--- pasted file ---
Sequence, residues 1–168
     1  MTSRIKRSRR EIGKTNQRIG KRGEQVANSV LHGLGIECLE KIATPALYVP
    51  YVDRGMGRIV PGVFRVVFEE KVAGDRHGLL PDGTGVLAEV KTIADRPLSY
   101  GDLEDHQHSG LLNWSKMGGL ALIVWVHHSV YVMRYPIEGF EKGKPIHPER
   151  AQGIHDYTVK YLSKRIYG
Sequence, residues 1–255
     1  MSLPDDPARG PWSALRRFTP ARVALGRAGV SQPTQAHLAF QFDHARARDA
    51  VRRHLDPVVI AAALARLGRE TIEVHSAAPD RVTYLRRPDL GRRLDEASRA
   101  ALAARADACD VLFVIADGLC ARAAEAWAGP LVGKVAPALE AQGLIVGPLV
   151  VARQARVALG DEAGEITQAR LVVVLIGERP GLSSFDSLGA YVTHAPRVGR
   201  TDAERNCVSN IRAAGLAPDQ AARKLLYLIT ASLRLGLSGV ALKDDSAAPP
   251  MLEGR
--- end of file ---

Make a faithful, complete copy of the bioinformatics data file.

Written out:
Sequence, residues 1–168
     1  MTSRIKRSRR EIGKTNQRIG KRGEQVANSV LHGLGIECLE KIATPALYVP
    51  YVDRGMGRIV PGVFRVVFEE KVAGDRHGLL PDGTGVLAEV KTIADRPLSY
   101  GDLEDHQHSG LLNWSKMGGL ALIVWVHHSV YVMRYPIEGF EKGKPIHPER
   151  AQGIHDYTVK YLSKRIYG
Sequence, residues 1–255
     1  MSLPDDPARG PWSALRRFTP ARVALGRAGV SQPTQAHLAF QFDHARARDA
    51  VRRHLDPVVI AAALARLGRE TIEVHSAAPD RVTYLRRPDL GRRLDEASRA
   101  ALAARADACD VLFVIADGLC ARAAEAWAGP LVGKVAPALE AQGLIVGPLV
   151  VARQARVALG DEAGEITQAR LVVVLIGERP GLSSFDSLGA YVTHAPRVGR
   201  TDAERNCVSN IRAAGLAPDQ AARKLLYLIT ASLRLGLSGV ALKDDSAAPP
   251  MLEGR